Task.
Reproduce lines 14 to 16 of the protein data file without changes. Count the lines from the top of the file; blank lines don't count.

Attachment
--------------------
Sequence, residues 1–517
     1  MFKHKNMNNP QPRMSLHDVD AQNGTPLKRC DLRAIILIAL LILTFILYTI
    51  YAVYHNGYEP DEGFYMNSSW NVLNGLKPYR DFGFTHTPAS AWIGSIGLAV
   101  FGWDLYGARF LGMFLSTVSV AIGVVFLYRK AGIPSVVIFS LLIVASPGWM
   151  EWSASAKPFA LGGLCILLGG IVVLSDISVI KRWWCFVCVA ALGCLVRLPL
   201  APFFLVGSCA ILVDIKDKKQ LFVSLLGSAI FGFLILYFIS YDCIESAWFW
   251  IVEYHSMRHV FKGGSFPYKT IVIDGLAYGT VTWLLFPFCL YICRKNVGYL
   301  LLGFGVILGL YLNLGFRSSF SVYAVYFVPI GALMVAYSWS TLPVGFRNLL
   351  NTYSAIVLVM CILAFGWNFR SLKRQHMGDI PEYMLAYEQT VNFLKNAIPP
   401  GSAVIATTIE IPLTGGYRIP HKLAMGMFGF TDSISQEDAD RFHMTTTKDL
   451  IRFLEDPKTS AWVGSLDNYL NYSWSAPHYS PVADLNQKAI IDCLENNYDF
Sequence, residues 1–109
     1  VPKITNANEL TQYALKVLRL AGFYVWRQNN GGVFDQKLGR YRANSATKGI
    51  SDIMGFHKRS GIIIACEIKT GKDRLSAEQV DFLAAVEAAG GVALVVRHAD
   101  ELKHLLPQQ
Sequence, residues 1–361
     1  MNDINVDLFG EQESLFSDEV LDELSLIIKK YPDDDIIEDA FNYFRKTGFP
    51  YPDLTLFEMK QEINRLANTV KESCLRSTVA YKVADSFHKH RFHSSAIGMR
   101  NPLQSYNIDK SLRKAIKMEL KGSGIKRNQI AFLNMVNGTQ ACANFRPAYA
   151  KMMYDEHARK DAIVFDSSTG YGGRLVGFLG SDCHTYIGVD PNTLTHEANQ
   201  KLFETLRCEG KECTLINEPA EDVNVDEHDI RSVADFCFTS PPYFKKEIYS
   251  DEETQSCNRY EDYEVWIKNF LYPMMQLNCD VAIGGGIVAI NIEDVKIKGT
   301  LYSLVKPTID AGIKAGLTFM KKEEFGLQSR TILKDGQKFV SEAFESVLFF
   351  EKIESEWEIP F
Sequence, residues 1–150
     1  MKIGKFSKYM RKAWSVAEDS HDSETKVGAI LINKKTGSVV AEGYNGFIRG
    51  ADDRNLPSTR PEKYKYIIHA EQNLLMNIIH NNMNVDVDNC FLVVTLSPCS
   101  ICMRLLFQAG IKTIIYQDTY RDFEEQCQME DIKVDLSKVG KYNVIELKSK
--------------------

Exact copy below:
    51  SDIMGFHKRS GIIIACEIKT GKDRLSAEQV DFLAAVEAAG GVALVVRHAD
   101  ELKHLLPQQ
Sequence, residues 1–361